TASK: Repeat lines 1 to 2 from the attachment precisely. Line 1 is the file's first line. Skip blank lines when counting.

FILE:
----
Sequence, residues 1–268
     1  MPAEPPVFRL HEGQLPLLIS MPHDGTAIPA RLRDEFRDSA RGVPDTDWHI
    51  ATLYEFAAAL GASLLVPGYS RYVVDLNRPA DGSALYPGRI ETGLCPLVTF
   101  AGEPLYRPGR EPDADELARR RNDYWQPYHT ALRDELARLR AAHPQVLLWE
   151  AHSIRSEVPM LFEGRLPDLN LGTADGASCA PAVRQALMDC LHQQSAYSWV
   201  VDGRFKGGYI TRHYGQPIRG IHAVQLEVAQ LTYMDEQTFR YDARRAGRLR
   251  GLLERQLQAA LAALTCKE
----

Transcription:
Sequence, residues 1–268
     1  MPAEPPVFRL HEGQLPLLIS MPHDGTAIPA RLRDEFRDSA RGVPDTDWHI